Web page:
COVID-19 has turned our lives upside down. Most major industries have been disrupted and the healthcare sector has been no exception.
Faced with incredible challenges, healthcare professionals have had to innovate – and fast – with new ways of working that may change the healthcare system forever.
We need more health workers
As healthcare workers have redeployed to new COVID-19 clinics, it’s caused major staff shortages in other areas.
Dr Hanan Khalil, Associate Professor of Public Health at La Trobe, discovered this firsthand.
‘As a registered pharmacist, I was asked by my professional organisation if I was interested to be put on a list to work as a locum pharmacist to support shortage of health care workers if needed,’ she said.
‘Other professional organisations did the same to ensure there were sufficient health care professionals available.’
Working in a resilient sector
Despite the challenges created by the pandemic, the last year also proved how resilient the healthcare sector can be.
‘It’s one of the few industries that can survive in an economic downturn,’ said Dr Khalil. ‘And there are opportunities in a variety of both patient and non-patient facing roles.’
As the coordinator of La Trobe’s Master of Health Administration, Dr Khalil understands how important it is to prepare students for a range of management roles in both the public and private sectors.
Focusing on developing both leadership skills and practical tools, she’s shaped the course to meet the demands of today’s healthcare system and equip tomorrow’s leaders with essential knowledge and experience.
‘There are challenges – you need to enjoy helping and caring for people,’ says Dr Khalil. ‘But this is why skills such as resilience, innovation and being adaptive are important.’
The evolution of digital health
During the pandemic, demand for telehealth and digital health technologies has surged. More than 10 per cent of Australians have accessed telehealth services in 20211, with 13.6 million patients using the COVID-19 MBS telehealth services between March 2020 and April 2021 alone. This saw the Australian government invest a further $114 million to extend the use of telemedicine2.
‘The pandemic has highlighted the importance of digital health technologies,’ said Professor James Boyd, La Trobe’s Chair of Digital Health. ‘Digital technology has helped us maintain quality care, accessibility and safety while minimising face-to-face consultations.’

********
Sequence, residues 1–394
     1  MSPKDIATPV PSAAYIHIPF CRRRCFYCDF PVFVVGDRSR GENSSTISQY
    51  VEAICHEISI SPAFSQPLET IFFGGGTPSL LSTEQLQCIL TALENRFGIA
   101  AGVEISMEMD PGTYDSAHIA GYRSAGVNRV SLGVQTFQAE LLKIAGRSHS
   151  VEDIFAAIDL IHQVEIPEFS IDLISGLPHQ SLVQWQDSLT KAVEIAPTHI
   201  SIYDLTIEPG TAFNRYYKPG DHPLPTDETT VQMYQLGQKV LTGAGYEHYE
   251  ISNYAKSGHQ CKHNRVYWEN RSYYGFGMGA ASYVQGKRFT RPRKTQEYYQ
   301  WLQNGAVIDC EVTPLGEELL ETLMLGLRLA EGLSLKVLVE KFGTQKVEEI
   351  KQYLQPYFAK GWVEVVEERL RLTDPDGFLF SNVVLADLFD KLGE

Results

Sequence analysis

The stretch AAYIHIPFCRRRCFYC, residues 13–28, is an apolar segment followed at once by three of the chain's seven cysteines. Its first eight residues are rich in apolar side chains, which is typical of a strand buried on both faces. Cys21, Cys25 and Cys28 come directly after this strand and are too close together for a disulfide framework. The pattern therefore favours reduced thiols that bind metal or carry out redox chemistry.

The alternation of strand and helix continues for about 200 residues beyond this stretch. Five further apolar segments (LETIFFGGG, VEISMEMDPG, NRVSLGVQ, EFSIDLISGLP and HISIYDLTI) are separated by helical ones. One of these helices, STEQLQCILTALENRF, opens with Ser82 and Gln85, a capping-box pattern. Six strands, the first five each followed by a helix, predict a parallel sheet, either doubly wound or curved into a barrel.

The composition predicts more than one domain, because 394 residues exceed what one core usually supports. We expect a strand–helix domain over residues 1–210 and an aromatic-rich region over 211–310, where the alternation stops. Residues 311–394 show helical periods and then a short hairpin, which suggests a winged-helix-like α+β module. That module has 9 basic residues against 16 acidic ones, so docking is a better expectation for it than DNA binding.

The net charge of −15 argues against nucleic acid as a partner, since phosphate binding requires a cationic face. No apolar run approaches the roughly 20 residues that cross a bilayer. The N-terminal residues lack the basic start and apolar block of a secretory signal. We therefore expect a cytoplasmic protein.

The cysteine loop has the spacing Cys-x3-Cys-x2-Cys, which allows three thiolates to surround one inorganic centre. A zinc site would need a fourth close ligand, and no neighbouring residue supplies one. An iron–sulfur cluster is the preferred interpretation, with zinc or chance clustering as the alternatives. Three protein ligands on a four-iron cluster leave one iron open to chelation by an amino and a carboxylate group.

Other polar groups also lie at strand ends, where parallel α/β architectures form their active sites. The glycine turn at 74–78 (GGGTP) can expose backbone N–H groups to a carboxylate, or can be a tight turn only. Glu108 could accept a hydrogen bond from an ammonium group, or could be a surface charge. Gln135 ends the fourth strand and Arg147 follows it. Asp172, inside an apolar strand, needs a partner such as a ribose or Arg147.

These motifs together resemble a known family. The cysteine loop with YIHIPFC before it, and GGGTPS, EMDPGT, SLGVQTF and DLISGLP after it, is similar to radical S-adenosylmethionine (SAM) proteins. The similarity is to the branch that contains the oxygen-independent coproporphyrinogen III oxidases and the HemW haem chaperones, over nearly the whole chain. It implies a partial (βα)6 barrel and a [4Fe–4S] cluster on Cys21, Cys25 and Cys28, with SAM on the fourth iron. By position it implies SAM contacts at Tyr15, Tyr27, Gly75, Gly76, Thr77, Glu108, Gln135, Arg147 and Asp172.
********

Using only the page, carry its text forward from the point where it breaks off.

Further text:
Electronic health records. Real-time data harvesting. Voice assistants. Wearable devices and mobile health apps. These are just a few of the digital health technologies on the rise.
‘Health consumers have started to see different options to the way they can access health services during the pandemic – and they don’t want everything to go back to the way it was pre-COVID,’ said Professor Boyd.
‘We use technology in our day-to-day lives to access services, book restaurants and monitor our fitness. Consumers expect to have the option to interface with the health system in the same way.’
New leaders in digital health
And as consumers demand new and better digital health solutions, the healthcare sector has an increasing need for leaders who understand the technology – and can use it to its fullest capacity.
‘Digital innovation is transforming our lives,’ said Professor Boyd. ‘Finance, manufacturing, retail and automotive industries have been revolutionised by artificial intelligence, smart grid technology and the Internet of Things. Healthcare is next.’
With an eye to the future, Professor Boyd designed La Trobe’s Master of Digital Health to prepare graduates for tomorrow’s challenges. Developed in consultation with industry leaders, healthcare experts and data specialists, it gives healthcare professionals the skills they need to innovate, lead and succeed.
And with the pandemic far from over, the health landscape will continue to give us new challenges – and opportunities to evolve.